We’re starting to see more interest in the voter purge campaign happening down in Florida, where hundreds of thousands of voters are getting notices in the mail about their imminent cancellation from the voting rolls, based on a flawed comparison of data between those rolls and DMV data. This has already resulted in hundreds of known false positives just in Miami-Dade County alone, and an analysis of the purge lists shows that Democratic voters and particularly Hispanics are disproportionately targeted by it.
The New York Times has been the only national newspaper to really cover the situation in Florida, which Think Progress has scrutinized in detail. But the local papers in the state are raising awareness of the controversy. This has been helped by some attention to the issue by local Democrats. The Florida Democratic delegation for Congress urged Governor Rick Scott to stop the voter purge, saying that the process “fails to meet the basic standards of accountability.”
In particular, the Democrats used the spectacle of a WWII veteran being targeted for purging:
Bill Internicola was born in Brooklyn 91 years ago and received a Bronze Star for fighting in the Battle of the Bulge in World War II, but, according to the state of Florida, he may not be a U.S. citizen.
Internicola received a letter in May from the Broward supervisor of elections stating that it received “information from the State of Florida that you are not a United States citizen; however you are registered to vote.” The letter was part of a controversial state-led effort to rid the voter rolls of noncitizens. Similar letters were sent to 259 Broward voters [...]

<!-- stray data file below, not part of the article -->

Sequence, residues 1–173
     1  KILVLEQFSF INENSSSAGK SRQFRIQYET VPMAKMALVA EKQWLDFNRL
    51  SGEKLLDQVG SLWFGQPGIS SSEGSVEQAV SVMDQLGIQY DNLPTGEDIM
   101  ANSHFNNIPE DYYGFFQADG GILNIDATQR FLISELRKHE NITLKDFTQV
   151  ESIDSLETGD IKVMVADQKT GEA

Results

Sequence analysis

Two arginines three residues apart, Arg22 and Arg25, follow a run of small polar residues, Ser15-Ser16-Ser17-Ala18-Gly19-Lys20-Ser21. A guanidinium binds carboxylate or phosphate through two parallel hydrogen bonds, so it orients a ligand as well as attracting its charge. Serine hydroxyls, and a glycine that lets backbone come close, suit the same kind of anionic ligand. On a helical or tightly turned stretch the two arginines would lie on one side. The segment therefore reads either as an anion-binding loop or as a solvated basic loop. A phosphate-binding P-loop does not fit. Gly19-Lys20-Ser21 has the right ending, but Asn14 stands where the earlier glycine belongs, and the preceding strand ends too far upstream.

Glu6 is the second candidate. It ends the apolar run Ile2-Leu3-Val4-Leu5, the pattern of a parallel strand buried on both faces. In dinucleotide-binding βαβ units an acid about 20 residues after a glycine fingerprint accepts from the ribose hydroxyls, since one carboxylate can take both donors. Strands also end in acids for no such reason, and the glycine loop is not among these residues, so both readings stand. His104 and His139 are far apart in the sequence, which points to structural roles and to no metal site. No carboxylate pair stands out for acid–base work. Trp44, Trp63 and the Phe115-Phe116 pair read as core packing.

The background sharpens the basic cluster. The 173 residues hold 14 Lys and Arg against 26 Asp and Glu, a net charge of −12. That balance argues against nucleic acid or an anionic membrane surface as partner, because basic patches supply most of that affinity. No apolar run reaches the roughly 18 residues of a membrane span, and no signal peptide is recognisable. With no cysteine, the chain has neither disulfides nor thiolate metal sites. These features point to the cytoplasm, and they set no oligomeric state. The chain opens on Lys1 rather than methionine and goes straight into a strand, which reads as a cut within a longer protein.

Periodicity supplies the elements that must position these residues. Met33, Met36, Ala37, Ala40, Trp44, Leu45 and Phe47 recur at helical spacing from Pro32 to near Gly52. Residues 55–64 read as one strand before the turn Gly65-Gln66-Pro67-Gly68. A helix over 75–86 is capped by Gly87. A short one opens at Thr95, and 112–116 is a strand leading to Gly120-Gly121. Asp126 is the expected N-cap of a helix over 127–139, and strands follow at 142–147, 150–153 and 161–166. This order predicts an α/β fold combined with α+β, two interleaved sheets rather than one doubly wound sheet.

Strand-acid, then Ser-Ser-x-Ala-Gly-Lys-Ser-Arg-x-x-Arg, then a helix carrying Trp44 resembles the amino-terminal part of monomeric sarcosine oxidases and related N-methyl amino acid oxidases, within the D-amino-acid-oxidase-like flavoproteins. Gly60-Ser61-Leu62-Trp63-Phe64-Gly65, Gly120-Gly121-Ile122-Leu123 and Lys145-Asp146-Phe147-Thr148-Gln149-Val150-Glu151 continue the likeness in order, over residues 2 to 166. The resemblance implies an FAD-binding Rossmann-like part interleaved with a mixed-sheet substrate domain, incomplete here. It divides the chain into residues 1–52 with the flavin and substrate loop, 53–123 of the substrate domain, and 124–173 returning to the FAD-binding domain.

Any effort to remove names from Broward’s voting rolls draws particular scrutiny because it is the most Democratic county in the state. It has more than 500,000 registered Democrats and could play a pivotal role in the outcome of a close presidential or U.S. Senate contest in November.
Deutch called Internicola an “American hero” and described him as “the face of Gov. Scott’s request to purge our voter rolls.”
(This could actually relate back to our previous discussion about Chris Hayes’ comments on Memorial Day weekend. Why is it somehow worse when a veteran gets targeted for voter suppression, rather than any other American? It’s a subtle symbol of this deification of the military, and all that attends that.)
In response to this, a spokesman for the Division of Elections boldly announced that there would be more names added to the purge lists:
Chris Cate, a spokesman for the state Division of Elections, defended the state’s actions. “It’s very important we make sure ineligible voters can’t cast a ballot,” he said in an email to the Herald on Tuesday.
He said the state continues to identify ineligible voters, saying the state Division of Highway Safety and Motor Vehicles has agreed to update information using a federal database that the elections division couldn’t access directly.
“We won’t be sending any new names to supervisors until the information we have is updated, because we always want to make sure we are using the best information available,” Cate wrote. “I don’t have a timetable on when the next list of names will be sent to supervisors, but there will be more names.”
The Scott Administration wants to make this entirely about voter integrity, as if the most important role for elections officials is to guard against a non-existent problem of voter fraud. In actuality, the statistics on who this impacts argue in favor of this being a voter suppression scheme, designed to make Democrats ineligible and give Republicans a better chance in November.
…the national progressive group CREDO has a petition out about this, calling on Attorney General Eric Holder to use the Voting Rights Act to shut down what they consider to be an illegal voting purge. Lawsuits are working through the courts on this as well.